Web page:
“Let’s see how inventive we can be in encouraging love and helping out.” Hebrews 10:24
The “pumpkin spice everything” season has arrived, invading coffee shops, bakeries and Pinterest, and indicating that summer is ending. Soon, warmer temperatures will cool, flannels will cover up t-shirts, and boots will replace sandals. Despite this ending, I have a bounty of summer delights filling my freezer and pantry: frozen peas, fire-roasted tomatoes, corn salsa, strawberry-honey butter, blueberry-orange syrup, mixed berry jam and homemade ketchup. With the pop of a lid or the unzipping of a bag I can be instantly transported to the hazy days of summer with the smell of sweet strawberries, blueberries, and tomatoes. Along with this flavorful bounty, I have spent my summer preserving memories with my loved ones.
Despite COVID-19 restrictions, I traveled a little this summer, using common sense and following social distancing guidelines, including wearing masks. All my travel involved seeing family and friends, including a wedding, and meeting my grandson for the first time. The pandemic forced me to prioritize my time, slow down to savor moments and create memories. In the past, I have enjoyed my trips to major cities, hustling along with crowds to catch glimpses of memorials and famous buildings. But this summer was not about tourist attractions, or cultural experiences, it was about relationships.
One of my visits this summer was to not-so-exotic Lincoln, Nebraska. I am not disparaging Lincoln; it is clean city with beautiful old houses, tall oak trees, and frolicking red squirrels the size of small dogs. Yet, it is not a major tourist destination where everybody “likes” the photos of your big summer vacation. It doesn’t appear on most bucket lists unless you are a college football fan or attempting to hit all 50 states. It is just your typical, flat, friendly mid-west city. But Lincoln holds a special place in my heart and not just because it was where I discovered my love for Indian food. Lincoln is home to my sister and brother-in-law and their two children, affectionately known as A and E.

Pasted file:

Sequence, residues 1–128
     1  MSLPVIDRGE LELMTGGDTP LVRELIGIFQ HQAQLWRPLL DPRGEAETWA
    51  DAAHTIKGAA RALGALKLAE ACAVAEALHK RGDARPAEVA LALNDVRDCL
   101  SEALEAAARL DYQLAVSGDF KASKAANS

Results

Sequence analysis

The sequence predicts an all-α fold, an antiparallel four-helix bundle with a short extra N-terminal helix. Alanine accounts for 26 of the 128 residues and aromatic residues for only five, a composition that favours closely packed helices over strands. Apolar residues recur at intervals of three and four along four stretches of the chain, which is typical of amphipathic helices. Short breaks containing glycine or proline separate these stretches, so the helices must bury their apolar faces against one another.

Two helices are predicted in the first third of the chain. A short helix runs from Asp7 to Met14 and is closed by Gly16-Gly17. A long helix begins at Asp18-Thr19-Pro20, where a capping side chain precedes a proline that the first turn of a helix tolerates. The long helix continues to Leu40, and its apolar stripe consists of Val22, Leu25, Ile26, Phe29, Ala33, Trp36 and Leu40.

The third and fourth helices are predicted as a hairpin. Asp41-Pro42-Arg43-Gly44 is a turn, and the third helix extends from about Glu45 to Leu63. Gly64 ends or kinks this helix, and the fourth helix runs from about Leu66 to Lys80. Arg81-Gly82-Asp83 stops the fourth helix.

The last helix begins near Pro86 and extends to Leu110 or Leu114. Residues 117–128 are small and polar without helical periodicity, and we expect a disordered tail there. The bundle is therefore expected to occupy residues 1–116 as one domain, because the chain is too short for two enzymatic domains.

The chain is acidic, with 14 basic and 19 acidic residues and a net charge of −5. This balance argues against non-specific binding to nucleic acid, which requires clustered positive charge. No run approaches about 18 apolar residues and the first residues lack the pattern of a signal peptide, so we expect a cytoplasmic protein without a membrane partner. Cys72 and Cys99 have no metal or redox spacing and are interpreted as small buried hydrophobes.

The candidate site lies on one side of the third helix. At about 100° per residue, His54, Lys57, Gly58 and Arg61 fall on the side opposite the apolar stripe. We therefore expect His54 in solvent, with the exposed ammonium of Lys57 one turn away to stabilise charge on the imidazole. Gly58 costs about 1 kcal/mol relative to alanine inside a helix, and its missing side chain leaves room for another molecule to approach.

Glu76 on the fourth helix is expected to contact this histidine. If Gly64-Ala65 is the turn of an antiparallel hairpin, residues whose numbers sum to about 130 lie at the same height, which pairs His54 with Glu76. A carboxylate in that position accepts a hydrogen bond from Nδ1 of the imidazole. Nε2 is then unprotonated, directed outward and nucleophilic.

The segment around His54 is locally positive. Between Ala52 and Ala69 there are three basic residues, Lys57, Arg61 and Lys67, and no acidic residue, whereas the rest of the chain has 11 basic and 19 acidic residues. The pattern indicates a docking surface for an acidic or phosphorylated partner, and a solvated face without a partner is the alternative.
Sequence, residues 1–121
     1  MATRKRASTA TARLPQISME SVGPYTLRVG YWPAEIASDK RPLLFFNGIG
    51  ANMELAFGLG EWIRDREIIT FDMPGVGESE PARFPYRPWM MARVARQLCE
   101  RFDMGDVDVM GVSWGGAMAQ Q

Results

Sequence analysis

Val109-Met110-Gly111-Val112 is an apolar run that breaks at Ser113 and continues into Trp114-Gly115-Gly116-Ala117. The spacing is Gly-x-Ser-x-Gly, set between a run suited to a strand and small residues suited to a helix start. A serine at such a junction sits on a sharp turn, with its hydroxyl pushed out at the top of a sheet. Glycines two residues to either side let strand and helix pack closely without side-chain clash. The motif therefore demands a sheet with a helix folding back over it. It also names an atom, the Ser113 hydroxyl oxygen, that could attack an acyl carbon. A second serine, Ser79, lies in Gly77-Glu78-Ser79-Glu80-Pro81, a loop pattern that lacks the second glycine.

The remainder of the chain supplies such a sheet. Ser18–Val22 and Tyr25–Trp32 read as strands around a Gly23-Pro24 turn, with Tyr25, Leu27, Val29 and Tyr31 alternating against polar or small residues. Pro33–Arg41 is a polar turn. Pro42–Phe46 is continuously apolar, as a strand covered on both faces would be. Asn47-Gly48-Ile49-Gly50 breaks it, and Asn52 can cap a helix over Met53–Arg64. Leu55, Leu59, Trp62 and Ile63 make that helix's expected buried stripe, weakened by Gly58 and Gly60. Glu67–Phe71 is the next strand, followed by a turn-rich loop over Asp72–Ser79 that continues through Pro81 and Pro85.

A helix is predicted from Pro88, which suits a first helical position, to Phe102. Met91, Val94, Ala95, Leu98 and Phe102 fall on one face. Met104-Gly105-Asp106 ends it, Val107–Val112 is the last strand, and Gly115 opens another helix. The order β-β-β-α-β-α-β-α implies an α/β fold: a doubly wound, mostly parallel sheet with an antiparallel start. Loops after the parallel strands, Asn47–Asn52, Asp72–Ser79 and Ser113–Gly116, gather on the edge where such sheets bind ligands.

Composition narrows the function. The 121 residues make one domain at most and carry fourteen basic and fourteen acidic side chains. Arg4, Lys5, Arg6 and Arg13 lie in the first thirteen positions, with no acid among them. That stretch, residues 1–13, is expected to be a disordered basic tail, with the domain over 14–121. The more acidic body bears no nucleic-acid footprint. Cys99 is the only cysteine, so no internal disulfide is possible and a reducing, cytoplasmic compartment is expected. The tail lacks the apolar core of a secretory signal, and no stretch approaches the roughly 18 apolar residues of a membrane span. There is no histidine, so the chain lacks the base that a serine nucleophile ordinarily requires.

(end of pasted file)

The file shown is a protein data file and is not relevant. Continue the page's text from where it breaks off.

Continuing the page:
My sister, Cheryl, and I both moved away from Wisconsin within a year of each other. She moved west and I moved east. At the time, she had the distinction of being everyone’s favorite aunt. My children and their cousins all loved their “Auntie Cho”! She would swoop into town and the children would surround her, listening to her sing silly songs and make funny faces with her. She would buy them suckers with insects inside, set up petri dishes around the house to collect bacteria, and tell them funny stories. She introduced them to skiing and ice skating. She sent them postcards from her world travels and tried to create cultural experiences with them by introducing them to foods such as prosciutto and borscht. She was the Pied Piper, leading them on adventures and enriching their lives. Even my children’s friends loved her and were delighted when she showed up at birthday parties where they all clamored for her attention.
After moving to Lincoln, “Auntie Cho” got married in 2012 and soon had two children of her own. The distance between us has been challenging because I am unable to be a part of the daily lives of my niece and nephew. Yet, if I have any hope of a relationship with them, I need to be intentional in building and maintaining a connection with them. Over the past year, I have been sending them homemade cards, sometimes including stickers, in the mail. I try to FaceTime with them regularly, occasionally reading a story to them. I even demonstrated how to make jam for my nephew, who is a miniature sous-chef and lover of all things jam!